Teething is a natural part of growth. It is one of the many milestones that your bundle of joy will go through in the years to come. Most babies begin teething between six to eight months. It may start earlier than that or much later. While teething is a welcomed change, it often comes with discomfort and some pain for the little one. It can lead to a lot of crying and cause sleepless nights for everyone. Identifying complications is crucial in easing the pain. Here are possible teething complications to anticipate.
1. Delayed or Early Eruption
The pearly whites don’t always show up on time. Teething that begins too early can make nursing a painful experience. Hyperactive thyroid glands usually cause the condition. Similarly, a delayed eruption also has its health consequences. For one, it may impair speech development. Other effects include shrinking the jawbone, face sagging, and the possibility of having crooked permanent teeth. Delayed teething is caused by conditions that affect the endocrine glands such as Downs Syndrome.
2. Dentigerous Cysts
As a tooth grows, it pushes through the soft gum tissues forming eruption cysts. These are fluid-filled sacs that build on top of the emerging teeth. They are observed as raised blue oval shapes. Eruption cysts go away once the teeth have fully emerged. Unfortunately, sometimes a cyst may persist and cover the crown of the teeth; this is known as a dentigerous cyst. This condition may require surgical intervention.
3. Neonatal and Natal Teeth
Neonatal teeth erupt within the first month of birth, while natal teeth are usually present during childbirth. Natal teeth are extremely rare and only occur in one in six thousand cases. These teeth are often smaller and poorly developed. In addition to causing pain to the mother during suckling, they may also cause sublingual ulcerations to the baby. The absent roots mean that they can easily fall off and be swallowed. In most cases, it is recommended that natal and neonatal teeth be extracted to protect the baby.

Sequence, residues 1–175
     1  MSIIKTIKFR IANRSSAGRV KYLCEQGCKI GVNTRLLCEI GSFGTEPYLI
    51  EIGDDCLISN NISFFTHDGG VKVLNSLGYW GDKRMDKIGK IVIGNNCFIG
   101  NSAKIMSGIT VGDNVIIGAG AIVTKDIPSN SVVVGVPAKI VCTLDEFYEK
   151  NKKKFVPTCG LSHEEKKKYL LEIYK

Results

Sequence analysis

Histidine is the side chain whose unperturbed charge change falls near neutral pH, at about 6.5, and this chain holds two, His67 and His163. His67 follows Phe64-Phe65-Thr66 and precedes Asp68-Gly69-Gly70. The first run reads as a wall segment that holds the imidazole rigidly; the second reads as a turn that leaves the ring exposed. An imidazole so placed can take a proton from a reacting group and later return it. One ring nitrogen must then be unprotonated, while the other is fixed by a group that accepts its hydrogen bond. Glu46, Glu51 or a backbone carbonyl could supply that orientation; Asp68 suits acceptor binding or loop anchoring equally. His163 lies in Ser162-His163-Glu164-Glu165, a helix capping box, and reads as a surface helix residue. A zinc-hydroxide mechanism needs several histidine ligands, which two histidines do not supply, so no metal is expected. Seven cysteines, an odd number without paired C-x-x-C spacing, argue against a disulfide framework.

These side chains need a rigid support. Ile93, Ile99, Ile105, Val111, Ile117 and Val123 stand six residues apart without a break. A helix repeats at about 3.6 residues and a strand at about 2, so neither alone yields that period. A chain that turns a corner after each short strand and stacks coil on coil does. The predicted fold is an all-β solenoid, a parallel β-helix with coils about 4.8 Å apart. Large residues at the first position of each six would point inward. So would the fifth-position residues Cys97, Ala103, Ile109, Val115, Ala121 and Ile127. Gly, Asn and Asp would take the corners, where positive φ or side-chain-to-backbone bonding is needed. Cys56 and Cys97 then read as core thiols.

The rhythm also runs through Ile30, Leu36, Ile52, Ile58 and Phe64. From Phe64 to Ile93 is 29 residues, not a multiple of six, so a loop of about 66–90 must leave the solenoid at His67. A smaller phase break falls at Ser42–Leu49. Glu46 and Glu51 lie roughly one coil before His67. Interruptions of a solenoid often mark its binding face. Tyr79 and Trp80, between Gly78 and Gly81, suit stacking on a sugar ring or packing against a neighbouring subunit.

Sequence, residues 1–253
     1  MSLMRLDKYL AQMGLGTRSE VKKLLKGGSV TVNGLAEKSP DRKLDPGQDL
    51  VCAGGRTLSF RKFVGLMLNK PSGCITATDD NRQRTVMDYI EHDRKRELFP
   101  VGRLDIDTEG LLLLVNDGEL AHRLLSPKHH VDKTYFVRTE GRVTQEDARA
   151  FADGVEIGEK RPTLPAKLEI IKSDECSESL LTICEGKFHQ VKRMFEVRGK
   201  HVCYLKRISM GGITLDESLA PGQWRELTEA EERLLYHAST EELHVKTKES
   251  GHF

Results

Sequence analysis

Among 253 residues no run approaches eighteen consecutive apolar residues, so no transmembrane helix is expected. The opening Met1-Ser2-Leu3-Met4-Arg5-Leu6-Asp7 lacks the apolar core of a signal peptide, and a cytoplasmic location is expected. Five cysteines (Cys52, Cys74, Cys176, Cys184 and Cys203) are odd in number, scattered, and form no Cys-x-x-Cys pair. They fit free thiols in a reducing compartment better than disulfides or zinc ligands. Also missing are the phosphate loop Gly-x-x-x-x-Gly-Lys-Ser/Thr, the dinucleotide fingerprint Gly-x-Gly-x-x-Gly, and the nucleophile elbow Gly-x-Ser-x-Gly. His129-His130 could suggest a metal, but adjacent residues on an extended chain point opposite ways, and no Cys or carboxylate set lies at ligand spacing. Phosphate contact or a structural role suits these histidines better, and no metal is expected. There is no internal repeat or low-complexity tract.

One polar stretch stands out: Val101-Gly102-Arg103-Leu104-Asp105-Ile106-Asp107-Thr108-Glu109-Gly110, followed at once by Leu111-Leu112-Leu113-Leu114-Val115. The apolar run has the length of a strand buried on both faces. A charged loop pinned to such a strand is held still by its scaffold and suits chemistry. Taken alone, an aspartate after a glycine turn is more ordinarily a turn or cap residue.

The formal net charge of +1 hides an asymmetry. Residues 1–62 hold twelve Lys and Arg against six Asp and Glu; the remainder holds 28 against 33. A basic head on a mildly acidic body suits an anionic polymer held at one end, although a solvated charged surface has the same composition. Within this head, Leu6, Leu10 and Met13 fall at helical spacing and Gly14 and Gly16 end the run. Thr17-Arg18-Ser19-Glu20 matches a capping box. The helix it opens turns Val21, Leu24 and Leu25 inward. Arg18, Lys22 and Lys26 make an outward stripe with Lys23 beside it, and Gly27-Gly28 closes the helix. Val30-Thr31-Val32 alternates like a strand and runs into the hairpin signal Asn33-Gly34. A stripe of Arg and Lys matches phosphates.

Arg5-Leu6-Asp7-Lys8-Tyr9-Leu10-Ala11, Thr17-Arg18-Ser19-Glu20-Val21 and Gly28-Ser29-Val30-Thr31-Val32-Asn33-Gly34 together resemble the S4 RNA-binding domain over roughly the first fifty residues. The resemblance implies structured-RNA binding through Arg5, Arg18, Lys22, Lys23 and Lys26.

4. Tenderness and Swelling
Although tooth bud is formed during the first six weeks of gestation, they remain in that state until the baby is born. After about three months, teething begins. The roots grow, forcing the top through the gums. It puts pressure on the gums, causing swelling and soreness. The pain can cause the baby to be cranky and sometimes refuse to eat. You can alleviate the strain by gently massaging the gums.
5. Teething Rashes
Excessive drooling is one of the symptoms of teething. A mixture of the saliva and food particles can irritate the baby’s sensitive skin. This can quickly grow into a rash due to rubbing of the baby’s skin against clothing. It is usual for the teething rashes to come and go. You can take care of the rash by keeping your baby clean and dry. Applying creams can also help shield the baby’s skin.
See the Best Dentist in North Ogden
We hope this article better prepares you for teething complications. The symptoms associated can easily be confused for other illnesses. This is why you need to seek assistance from a qualified professional. At North View Dental, we are experts in preventative care, cosmetic dentistry, jaw treatment, and tooth extraction. Book an appointment today.